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Has California’s Regulatory Climate Hampered Economic Recovery?

by Lucy Ma, published


The Golden State was once seen as a beacon of growth and entrepreneurship- a model economy many sought to imitate. Hard hit by the recession and housing crisis, the state has had its share of struggles when it comes to rebuilding. California, while still the 9th largest economy in the world (having slipped several spots in recent years), is now facing some serious challenges that threaten its long-term prosperity.

When discussing the effects of government policy on economic growth, especially at the state level, the debate centers around business climate. Many business climate rankings, or “indexes”, published in recent years suggest that the state’s arduous regulatory climate and general contempt for business are to blame for the sluggish recovery.

In surveys published by both Chief Executive and Forbes magazine, California has consistently been ranked among the worst states to do business. This doesn’t exactly paint a rosy outlook for the nation’s most populous state, where residents are in dire need of jobs.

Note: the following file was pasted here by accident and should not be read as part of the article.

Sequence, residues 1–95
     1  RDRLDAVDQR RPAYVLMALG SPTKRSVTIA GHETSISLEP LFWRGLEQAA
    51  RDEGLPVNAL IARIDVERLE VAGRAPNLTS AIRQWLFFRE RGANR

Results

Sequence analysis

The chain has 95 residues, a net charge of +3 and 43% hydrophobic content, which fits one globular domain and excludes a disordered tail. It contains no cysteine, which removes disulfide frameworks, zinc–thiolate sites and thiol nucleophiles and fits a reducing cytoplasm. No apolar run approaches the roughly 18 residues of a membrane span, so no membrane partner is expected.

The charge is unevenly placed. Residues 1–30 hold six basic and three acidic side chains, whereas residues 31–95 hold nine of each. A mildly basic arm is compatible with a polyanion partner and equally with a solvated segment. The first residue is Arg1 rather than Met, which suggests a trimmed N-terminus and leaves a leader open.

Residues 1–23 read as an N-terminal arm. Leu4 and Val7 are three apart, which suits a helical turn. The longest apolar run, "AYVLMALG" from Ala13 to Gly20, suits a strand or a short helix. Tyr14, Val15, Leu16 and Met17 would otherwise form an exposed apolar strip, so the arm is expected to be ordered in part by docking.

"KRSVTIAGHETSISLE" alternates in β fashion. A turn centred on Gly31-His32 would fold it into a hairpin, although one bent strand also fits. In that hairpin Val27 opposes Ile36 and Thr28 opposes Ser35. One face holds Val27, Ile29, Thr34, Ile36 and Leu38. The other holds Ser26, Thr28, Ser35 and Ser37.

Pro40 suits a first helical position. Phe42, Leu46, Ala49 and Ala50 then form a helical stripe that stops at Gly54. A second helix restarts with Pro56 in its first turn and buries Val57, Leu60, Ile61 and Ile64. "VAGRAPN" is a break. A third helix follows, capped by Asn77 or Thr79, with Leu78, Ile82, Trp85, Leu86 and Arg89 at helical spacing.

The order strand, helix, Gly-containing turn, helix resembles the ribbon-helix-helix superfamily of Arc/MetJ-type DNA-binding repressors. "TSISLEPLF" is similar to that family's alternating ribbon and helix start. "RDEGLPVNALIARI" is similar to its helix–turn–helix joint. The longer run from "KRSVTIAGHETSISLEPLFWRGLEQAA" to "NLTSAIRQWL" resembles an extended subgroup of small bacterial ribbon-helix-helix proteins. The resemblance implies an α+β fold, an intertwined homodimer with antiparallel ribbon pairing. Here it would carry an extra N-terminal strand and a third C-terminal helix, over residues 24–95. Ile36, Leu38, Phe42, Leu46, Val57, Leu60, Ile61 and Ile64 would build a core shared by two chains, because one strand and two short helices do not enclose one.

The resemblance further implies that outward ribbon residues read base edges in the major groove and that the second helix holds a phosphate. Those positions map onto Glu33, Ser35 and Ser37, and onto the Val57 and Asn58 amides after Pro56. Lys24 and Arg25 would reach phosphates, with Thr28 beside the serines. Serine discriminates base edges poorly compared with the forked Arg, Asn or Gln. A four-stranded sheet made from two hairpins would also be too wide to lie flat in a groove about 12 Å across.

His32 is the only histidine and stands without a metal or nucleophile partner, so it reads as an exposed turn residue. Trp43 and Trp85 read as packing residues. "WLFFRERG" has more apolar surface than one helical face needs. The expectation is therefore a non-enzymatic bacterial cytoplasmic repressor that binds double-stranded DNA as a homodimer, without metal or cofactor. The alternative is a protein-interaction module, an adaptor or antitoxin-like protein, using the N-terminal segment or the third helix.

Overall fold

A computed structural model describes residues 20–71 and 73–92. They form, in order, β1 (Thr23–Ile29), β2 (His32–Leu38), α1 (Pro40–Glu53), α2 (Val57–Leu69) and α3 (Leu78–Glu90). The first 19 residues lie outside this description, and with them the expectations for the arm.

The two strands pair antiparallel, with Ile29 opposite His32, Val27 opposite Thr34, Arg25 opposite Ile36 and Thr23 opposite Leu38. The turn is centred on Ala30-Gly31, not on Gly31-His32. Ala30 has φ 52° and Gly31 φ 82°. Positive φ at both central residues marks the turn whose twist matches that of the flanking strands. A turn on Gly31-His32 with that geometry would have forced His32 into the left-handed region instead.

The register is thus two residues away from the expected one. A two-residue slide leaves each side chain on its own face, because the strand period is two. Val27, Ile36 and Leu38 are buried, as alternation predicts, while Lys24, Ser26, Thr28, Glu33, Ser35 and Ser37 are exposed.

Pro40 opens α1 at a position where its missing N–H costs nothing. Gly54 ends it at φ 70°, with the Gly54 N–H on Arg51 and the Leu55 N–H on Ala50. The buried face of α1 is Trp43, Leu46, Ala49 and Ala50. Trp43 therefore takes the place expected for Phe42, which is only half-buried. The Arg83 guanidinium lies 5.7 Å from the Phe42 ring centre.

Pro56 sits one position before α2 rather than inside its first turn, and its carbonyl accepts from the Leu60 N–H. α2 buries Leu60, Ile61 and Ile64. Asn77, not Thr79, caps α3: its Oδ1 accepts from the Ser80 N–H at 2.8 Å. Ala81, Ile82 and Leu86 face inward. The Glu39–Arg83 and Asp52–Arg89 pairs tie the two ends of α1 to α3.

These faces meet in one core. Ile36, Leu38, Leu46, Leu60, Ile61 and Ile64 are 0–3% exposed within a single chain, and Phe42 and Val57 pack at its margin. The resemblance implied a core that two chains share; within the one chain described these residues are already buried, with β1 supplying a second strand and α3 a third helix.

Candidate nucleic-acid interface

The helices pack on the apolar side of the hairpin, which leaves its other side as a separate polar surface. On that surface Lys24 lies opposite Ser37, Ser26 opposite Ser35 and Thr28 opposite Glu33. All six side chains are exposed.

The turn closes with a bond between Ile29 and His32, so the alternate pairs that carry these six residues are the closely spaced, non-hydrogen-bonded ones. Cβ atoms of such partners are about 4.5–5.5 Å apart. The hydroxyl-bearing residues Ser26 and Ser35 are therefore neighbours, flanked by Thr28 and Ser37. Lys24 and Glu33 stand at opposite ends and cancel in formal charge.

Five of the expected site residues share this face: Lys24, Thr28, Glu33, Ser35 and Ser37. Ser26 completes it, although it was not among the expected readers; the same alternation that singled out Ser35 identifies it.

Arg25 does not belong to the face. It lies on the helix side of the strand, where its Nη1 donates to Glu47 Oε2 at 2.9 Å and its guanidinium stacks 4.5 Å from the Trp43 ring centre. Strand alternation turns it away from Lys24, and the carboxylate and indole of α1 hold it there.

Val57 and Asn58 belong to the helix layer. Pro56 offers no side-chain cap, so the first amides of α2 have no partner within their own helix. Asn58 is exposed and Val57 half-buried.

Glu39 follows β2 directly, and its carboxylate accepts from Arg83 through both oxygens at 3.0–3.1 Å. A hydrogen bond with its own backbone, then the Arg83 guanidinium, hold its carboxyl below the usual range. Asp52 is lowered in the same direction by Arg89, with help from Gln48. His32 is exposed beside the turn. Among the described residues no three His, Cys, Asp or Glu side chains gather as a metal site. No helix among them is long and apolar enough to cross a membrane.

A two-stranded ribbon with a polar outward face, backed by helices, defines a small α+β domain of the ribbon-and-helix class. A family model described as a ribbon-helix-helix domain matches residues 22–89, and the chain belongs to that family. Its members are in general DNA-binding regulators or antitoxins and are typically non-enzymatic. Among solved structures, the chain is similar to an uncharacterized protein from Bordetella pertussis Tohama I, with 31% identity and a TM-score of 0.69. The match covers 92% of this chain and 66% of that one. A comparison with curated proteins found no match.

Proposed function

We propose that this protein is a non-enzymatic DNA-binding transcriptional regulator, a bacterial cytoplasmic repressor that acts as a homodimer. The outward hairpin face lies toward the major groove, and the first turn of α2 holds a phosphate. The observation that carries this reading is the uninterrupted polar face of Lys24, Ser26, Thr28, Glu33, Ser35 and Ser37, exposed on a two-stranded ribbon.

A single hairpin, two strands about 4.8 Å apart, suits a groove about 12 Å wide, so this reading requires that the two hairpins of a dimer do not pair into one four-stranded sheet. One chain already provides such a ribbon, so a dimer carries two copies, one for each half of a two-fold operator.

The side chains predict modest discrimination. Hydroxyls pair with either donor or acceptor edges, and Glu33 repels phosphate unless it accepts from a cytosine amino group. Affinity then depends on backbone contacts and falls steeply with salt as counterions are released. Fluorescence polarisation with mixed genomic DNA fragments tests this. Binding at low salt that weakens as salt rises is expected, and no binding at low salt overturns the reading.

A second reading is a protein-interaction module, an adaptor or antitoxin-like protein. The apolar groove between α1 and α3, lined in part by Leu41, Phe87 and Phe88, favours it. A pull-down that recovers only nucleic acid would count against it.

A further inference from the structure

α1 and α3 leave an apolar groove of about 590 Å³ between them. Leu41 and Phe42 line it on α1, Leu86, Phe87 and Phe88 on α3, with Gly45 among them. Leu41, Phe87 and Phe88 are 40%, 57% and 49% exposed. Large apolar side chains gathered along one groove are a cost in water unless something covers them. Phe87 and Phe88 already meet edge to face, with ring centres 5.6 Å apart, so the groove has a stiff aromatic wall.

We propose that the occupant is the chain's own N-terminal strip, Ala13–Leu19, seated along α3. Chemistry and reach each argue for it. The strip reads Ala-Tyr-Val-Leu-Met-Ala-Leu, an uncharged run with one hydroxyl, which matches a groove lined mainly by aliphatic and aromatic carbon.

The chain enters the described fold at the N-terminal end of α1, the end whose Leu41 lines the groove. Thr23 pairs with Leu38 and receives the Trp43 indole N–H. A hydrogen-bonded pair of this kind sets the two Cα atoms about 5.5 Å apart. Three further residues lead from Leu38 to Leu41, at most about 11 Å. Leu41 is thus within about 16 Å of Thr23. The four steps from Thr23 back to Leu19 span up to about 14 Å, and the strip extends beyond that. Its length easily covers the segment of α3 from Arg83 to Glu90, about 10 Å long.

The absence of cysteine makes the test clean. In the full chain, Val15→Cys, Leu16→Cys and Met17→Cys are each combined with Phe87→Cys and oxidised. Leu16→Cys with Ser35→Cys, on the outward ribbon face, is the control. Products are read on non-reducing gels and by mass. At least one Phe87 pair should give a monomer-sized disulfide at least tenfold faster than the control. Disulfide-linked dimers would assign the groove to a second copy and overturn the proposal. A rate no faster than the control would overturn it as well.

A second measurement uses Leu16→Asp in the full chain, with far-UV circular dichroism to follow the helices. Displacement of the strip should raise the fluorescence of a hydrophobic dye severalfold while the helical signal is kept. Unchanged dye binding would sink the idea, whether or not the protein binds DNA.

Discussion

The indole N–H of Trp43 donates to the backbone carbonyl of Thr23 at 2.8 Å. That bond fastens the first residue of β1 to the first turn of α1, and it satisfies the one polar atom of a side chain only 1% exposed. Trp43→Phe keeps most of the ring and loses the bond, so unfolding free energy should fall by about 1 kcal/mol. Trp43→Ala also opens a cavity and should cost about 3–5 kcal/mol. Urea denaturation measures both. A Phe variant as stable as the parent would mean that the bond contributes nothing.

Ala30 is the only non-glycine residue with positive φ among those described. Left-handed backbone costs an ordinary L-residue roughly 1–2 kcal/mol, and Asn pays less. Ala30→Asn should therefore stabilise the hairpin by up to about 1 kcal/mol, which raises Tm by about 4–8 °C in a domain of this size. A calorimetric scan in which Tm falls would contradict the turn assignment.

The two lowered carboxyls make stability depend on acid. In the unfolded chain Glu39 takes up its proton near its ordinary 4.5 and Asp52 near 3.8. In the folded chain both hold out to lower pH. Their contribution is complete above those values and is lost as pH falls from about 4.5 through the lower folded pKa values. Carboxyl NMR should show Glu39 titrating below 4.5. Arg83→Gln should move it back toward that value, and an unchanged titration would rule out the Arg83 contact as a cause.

In the surveys, the states were graded on a variety of categories including taxation, regulation, workforce quality, and living environment. California has much to offer in terms of human capital and quality of living, but it does not seem to be enough to offset its perceived anti-business outlook. The most frequently cited complaints were against its punitive tax code and aggressive regulatory regime.

While additional state incentives factor into the decision making process, it seems business leaders seek areas with consistent policies and regulations above all else. This allows for focused planning and growth, which is essential to any operation. Having a regulatory environment and regulators that encourage good business- not one that punishes for minor infractions- is key.

There are measures to be taken that can help to bring California’s regulatory process under control, and make it more responsive to the needs of Californians and business alike. A serious reform effort should start with the review of existing regulations, a process that includes the modification and elimination of obsolete, duplicative, and conflicting regulations. In developing and implementing new regulations, an early economic impact assessment is imperative; as policies that are not necessarily geared toward business or the economy may nonetheless have implications on performance.

Certainly, this is not to suggest that all regulations are bad, as many actually help to make for a more attractive locale and boost economic output in the long run. The relationship between any particular policy and economic growth will always be complex, California just needs to develop a more systematic approach toward striking the right balance.

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